The Appellate Division noted that a trial court's discretion in imposing consecutive or concurrent sentences is guided by the precepts of State v. Yarborough, 100 N.J. 627 (1985), cert. denied, 475 U.S. 1014 (1986). It further noted that in a prior Appellate Division case, State v. Lane, 279 N.J. Super. 209 (App. Div. 1995), Yarborough was interpreted to require that where consecutive sentences are imposed, the sentencing court must direct that the most restrictive sentence is to be served first. The Appellate Division found Lane to be a misreading of Yarborough, since the holding of Lane was based on provisions of the Model Sentencing and Corrections Act which were not adopted in Yarborough. According to the Appellate Division, nothing in Yarborough or its guidelines precluded a sentencing judge from requiring a less restrictive term to be served before the more restrictive term.
The Appellate Division also explained that in subsequent cases considering the Yarborough factors, the Supreme Court has taken an expansive view of the discretion vested in a sentencing court when deciding whether to impose consecutive or concurrent sentences. The Appellate Division stated that given this approach, it could not conclude that a court's direction to serve one sentence prior to another could constitute an illegal sentence. It noted that the goal of consecutive sentences is to incarcerate a defendant for a longer period of time than would result from a concurrent sentence. The Appellate Division reasoned that the sentence imposed here achieves that goal, while requiring the more restrictive sentence to be served first would not have achieved that goal.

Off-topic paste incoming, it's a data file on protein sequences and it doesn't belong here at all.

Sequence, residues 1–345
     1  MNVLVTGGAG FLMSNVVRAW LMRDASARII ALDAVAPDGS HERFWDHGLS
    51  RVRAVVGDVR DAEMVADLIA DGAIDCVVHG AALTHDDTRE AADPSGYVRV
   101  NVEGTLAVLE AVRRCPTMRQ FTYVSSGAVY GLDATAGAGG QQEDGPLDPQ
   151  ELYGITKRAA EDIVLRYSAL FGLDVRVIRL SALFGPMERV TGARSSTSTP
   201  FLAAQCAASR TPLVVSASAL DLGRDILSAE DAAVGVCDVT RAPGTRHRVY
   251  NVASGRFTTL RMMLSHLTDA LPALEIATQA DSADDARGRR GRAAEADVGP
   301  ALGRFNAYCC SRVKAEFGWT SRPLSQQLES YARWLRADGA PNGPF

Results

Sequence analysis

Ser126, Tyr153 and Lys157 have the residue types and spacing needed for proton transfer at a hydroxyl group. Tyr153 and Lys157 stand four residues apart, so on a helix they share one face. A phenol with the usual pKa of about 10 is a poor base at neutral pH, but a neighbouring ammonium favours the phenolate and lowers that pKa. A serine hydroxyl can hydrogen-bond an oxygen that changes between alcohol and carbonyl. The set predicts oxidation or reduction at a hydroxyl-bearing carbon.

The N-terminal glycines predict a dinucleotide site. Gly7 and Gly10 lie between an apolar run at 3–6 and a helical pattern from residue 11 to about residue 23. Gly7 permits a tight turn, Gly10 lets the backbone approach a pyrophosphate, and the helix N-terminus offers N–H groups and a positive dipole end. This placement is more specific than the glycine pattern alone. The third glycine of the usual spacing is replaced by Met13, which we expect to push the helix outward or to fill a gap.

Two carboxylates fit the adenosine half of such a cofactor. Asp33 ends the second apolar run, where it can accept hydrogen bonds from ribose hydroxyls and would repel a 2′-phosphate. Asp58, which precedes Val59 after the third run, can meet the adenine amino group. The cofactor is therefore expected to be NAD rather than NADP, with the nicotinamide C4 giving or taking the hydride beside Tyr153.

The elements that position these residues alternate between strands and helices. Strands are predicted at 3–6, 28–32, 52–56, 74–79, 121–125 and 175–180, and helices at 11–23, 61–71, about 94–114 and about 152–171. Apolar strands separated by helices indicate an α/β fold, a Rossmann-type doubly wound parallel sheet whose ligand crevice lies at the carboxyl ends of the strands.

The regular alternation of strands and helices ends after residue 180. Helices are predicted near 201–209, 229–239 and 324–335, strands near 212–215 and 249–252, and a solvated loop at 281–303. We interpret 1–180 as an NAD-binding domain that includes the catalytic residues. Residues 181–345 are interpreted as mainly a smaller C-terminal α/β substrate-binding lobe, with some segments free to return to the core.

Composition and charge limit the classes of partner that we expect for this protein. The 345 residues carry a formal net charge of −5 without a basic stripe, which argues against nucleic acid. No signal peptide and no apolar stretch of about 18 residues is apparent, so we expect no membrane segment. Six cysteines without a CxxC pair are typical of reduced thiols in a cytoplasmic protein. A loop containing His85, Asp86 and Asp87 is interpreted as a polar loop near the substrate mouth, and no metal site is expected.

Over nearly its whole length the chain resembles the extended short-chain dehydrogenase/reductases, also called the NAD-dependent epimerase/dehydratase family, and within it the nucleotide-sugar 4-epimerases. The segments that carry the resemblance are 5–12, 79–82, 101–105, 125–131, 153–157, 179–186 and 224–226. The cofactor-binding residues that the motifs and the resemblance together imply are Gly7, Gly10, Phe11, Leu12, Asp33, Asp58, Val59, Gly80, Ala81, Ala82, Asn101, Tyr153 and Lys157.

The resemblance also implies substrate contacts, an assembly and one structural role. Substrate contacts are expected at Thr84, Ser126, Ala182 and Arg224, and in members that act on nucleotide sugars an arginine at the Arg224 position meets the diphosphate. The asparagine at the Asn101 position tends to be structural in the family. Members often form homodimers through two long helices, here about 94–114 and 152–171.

The Appellate Divis ion made it clear that it was not addressing the wisdom of the sentence or testing it against the norms of judicial discretion. It explained that the issue whether Ellis's sentence was excessive or an abuse of discretion was not cognizable on post-conviction relief, but was required to have been raised on direct appeal. In fact, Ellis had challenged his sentence on his direct appeal, and the Appellate Division found no merit to the issues raised. The Appellate Division concluded that Ellis's attempt to use R. 3:21-10(b) to claim illegality of sentence was improper, and that the trial court correctly treated his motion as a post-conviction relief petition asserting illegality of sentence under R. 3:22-12.
Judge Lesemann filed a concurring opinion, disagreeing with the majority's conclusion that Ellis's request for relief was not cognizable in that proceeding. Judge Lesemann was of the view that Ellis had raised a claim of an illegal sentence. Nonetheless, he concluded that under the circumstances of the case, a remand would amount to a meaningless gesture because it would not result in a different sentence.
The Supreme Court granted the petition for certification filed by Ellis.
HELD: The judgment of the Appellate Division is AFFIRMED substantially for the reasons expressed in the majority opinion of Judge Ciancia below. It was not illegal for the sentencing court to specify that Ellis serve the flat term before the term with a parole disqualifier when imposing consecutive sentences. The request by Ellis for review of his sentence amounts to a claim ...